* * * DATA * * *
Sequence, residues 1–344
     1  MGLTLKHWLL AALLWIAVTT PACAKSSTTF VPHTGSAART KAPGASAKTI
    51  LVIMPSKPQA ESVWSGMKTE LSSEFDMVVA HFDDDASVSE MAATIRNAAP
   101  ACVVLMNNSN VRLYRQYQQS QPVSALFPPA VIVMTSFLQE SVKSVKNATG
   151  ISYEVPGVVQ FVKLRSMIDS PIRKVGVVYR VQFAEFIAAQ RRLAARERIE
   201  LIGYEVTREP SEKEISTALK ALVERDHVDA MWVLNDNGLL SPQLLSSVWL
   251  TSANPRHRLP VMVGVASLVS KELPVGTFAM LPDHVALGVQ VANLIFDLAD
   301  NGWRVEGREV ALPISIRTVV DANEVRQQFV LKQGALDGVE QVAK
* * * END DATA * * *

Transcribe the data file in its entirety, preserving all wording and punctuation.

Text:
Sequence, residues 1–344
     1  MGLTLKHWLL AALLWIAVTT PACAKSSTTF VPHTGSAART KAPGASAKTI
    51  LVIMPSKPQA ESVWSGMKTE LSSEFDMVVA HFDDDASVSE MAATIRNAAP
   101  ACVVLMNNSN VRLYRQYQQS QPVSALFPPA VIVMTSFLQE SVKSVKNATG
   151  ISYEVPGVVQ FVKLRSMIDS PIRKVGVVYR VQFAEFIAAQ RRLAARERIE
   201  LIGYEVTREP SEKEISTALK ALVERDHVDA MWVLNDNGLL SPQLLSSVWL
   251  TSANPRHRLP VMVGVASLVS KELPVGTFAM LPDHVALGVQ VANLIFDLAD
   301  NGWRVEGREV ALPISIRTVV DANEVRQQFV LKQGALDGVE QVAK